Bird’s eye view

Zahle-born pho­tog­ra­pher Cle­ment Tan­nouri shows the rich­ness of Le­banese land­scapes through his images. He speaks to LT on tak­ing pho­tos from above, his love of the West Bekaa and why he re­turned to his home­land

Lebanon Traveler - - A DAY WITH - clement­tan­nouri.com Clé­ment Tan­nouri - Chas­seur d’in­stants

Cle­ment Tan­nour i’s photography is like a love let­ter to the land­scapes of Le­banon. His work fol­lows the chang­ing light and sea­sons, show­ing flocks of sheep as the r ising morn­ing sun hits the green fields, blan­kets of wheat that stretch as far as the eye can see dur ing har vest time in the West Bekaa, and pines that del­i­cately stand on spindly trunks. He also shows Le­banon’s r ich lands from an aer ial view, which, af ter be­ing in­spired by renowned pho­tog­ra­pher Yann Ar thus-ber trand, has be­come his trade­mark. In a he­li­copter, with the Le­banese army in tow, he cap­tures views from above of vast green forests that still cover much of the countr y; the patch­work of agr icul­tural fields of the Akkar re­gion and tra­di­tional red-roofed houses in vil­lages that perch on the moun­tain­side. His pho­to­graphs of fer a dif fer­ent per­spec­tive, show­ing scenes that are eas­ily missed while dr iv­ing along high­ways.

PHOTOGRAPHY RUNS IN THE BLOOD.

“At two years old run­ning around with a cam­era was a ca­sual act. When flip­ping the pages of a photography al­bum in France and see­ing th­ese beau­ti­ful pho­tos of Le­banon, a sen­sa­tion over­whelmed me. This sen­sa­tion urged me to cap­ture beau­ti­ful mo­ments when I vis­ited Le­banon with my par­ents. Cap­tur ing Le­banon’s beau­ti­ful scener y gave me that sat­is­fac­tion and pushed me to fall in love again and again with photography.”

TAN­NOURI WAS DRAWN BACK TO LE­BANON BE­CAUSE OF HIS LOVE OF THE COUN­TRY.

“I feel that I have a lot of po­ten­tial that I need to ex­ploit on Le­banese soil. I wanted to contr ibute to spread­ing Le­banon’s beau­ti­ful im­age to the out­side world. I know that it may be hard to be­lieve, but, in France I felt too or­di­nar y; a boil­ing en­ergy kept drawing me back to Le­banon. I think it was the cr y of help that I heard [from] Le­banon, a cr y that I couldn’t ig­nore know­ing that I had the ad­e­quate tools to help in spread­ing Le­banon’s breath­tak­ing beauty.”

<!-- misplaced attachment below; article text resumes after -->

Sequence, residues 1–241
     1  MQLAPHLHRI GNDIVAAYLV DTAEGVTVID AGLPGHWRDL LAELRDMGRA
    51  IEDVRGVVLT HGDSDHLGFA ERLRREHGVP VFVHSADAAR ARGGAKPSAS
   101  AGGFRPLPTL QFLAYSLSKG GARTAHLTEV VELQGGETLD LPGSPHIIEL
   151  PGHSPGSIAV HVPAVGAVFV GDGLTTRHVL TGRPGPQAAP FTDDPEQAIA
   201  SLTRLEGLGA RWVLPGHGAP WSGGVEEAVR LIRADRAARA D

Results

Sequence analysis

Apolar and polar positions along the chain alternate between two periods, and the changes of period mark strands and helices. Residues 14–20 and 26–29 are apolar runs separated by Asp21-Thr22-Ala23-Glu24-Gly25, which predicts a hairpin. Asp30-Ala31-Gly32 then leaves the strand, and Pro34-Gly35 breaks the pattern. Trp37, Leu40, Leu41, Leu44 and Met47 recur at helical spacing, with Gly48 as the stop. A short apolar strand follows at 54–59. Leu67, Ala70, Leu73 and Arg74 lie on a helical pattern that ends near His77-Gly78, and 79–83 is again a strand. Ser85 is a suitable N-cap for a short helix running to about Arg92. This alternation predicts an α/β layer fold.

HE FINDS LAND­SCAPES AND WILDLIFE RE­JU­VE­NAT­ING.

“As you can imag­ine, it’s God’s most ex­quis­ite paint­ing. When talk­ing about na­ture, it’s pure and ever chang­ing. You never have the same scene; na­ture changes within sec­onds. Ever y minute is pre­cious, ever y scener y is spe­cial and ever y pho­to­graph you take is unique.”

HIS FIRST PHOTOGRAPHY TRIP IN A HE­LI­COPTER WAS IN 2006. IT PRO­DUCED THE MOST BEAU­TI­FUL PHO­TOS HE’D EVER TAKEN.

“It was a dif­fi­cult task since a spe­cific au­thor iza­tion was needed and [there were] many com­pli­cated pro­ce­dures to fol­low. I took many pho­to­graphs that I thought were not good enough. You could say that for me the whole tr ip was dis­ap­point­ing; I was pass­ing through a dif­fi­cult time and couldn’t see things clearly. I was mis­taken [though] be­cause af ter a while, and when ex­am­in­ing the pho­to­graphs again, I re­al­ized that they were some of the most beau­ti­ful pho­tos I had ever taken in my life. They re­mind me of ver y in­ti­mate mo­ments and re­vive many emo­tions.”

IN THE SKY EACH SEC­OND IS PRE­CIOUS.

“Pho­tos taken from above are so sa­cred. There’s col­lab­o­ra­tion be­tween [me] and the Le­banese army that needs to be high­lighted and a lot of men­tal con­cen­tra­tion. The mar­gin of er­rors should be null. You can never pass through the same scene and shoot at the same an­gle twice not­ing that the land­scape changes within min­utes depend­ing on the weather and wind’s speed. Many nat­u­ral fac­tors come into play. In ad­di­tion to the men­tal con­cen­tra­tion there is a phys­i­cal en­durance [in­volved] since the wind’s speed and in­ten­sity are rel­a­tively high.”

FOR TAN­NOURI, CHOOS­ING A SHOT IS NOT ABOUT THE BEAUT Y, IT’S ABOUT FEEL­INGS.

“98 per­cent of the time the in­ten­sity of the scener y is what mo­ti­vates me to take the pho­to­graph. This may sound odd, but it’s the se­cret dia­logue that I have with the scene. [It’s the] se­cret stor y that it holds, the se­crets that need to be re­vealed.”

THE WEST BEKAA HAS A SPE­CIAL PLACE IN HIS HEART.

“It is by far the most mag­i­cal place to take pho­tos. It has an ex­traor­di­nar y beauty and the na­ture is just breath­tak­ing. Mount Le­banon is pleas­ant as well but ever y time I go and shoot in the West Bekaa I get carr ied away by its al­lure.”

Tan­nouri catches Jounieh Bay at the golden hour

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